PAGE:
Most people tend to ignore animal welfare because they think their governments or animal groups are taking care of whatever needs to be taken care of. They generally think it is okay to eat animal products, while at the same time believing it is not okay to treat animals badly. What many fail to understand, however, is that bad treatment is built into the food system. And part of the reason for that failure is that they are kept in the dark, like the proverbial mushroom, and fed bullshit.
Keeping people eating animal products requires skillful manipulations and rationalizations to maintain ignorance and to manipulate choice. • • •
You need to be heartless to be a factory farmer, but if you do begin to see and acknowledge the suffering around you, what do you do?
This farmer was prompted to speak out after hearing Joe Perdue’s agrispin in a promotional video, saying “Doing the right thing is things like treating your chickens humanely.” This is a standard platitude for the meat industry, which appropriates the language of animal welfare for self-promotion and profit. In fact, the Perdue family has a long history of animal abuse and run-ins with animal advocates, along with their “pile of poultry puffery hiding the brutal realities of an inhumane industry.”Henry Spira took them to task back in the 70s for this, see http://www.upc-online.org/henry_tribute.html. • • •
America’s top pork producer churns out a sea of waste that has destroyed rivers, killed millions of fish and generated one of the largest fines in EPA history. Welcome to the dark side of the other white meat.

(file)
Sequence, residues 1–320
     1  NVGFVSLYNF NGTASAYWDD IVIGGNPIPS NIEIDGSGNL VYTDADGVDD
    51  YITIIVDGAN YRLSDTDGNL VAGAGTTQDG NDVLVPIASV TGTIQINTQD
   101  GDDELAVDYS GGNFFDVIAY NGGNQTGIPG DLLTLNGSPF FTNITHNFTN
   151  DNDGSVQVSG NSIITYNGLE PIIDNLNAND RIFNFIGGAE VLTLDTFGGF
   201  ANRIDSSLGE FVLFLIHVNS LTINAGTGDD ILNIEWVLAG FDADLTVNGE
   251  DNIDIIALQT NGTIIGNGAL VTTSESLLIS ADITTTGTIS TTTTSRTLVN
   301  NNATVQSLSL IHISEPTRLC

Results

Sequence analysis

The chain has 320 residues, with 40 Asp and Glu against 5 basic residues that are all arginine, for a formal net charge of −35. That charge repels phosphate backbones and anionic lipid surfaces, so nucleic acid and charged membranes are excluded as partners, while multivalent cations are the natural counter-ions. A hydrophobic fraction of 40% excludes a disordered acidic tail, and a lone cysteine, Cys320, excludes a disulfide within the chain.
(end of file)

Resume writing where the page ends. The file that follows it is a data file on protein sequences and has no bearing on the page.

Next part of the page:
By Jeff Tietz
Smithfield Foods, the largest and most profitable pork processor in the world, killed 27 million hogs last year. That’s a number worth considering. A slaughter-weight hog is fifty percent heavier than a person. The logistical challenge of processing that many pigs each year is roughly equivalent to butchering and boxing the entire human populations of New York, Los Angeles, Chicago, Houston, Philadelphia, Phoenix, San Antonio, San Diego, Dallas, San Jose, Detroit, Indianapolis, Jacksonville, San Francisco, Columbus, Austin, Memphis, Baltimore, Fort Worth, Charlotte, El Paso, Milwaukee, Seattle, Boston, Denver, Louisville, Washington, D.C., Nashville, Las Vegas, Portland, Oklahoma City and Tucson. • • •
J.M. Coetzee won the Nobel Prize for literature in 2003. This is an edited version of a speech he gave on February 22, 2007, in Australia.
Exposing the Beast: Factory Farming Must be Called to the Slaughterhouse
To any thinking person, it must be obvious there is something terribly wrong with relations between human beings and the animals they rely on for food. It must also be obvious that in the past 100 or 150 years, whatever is wrong has become wrong on a huge scale, as traditional animal husbandry has been turned into an industry using industrial methods of production. • • •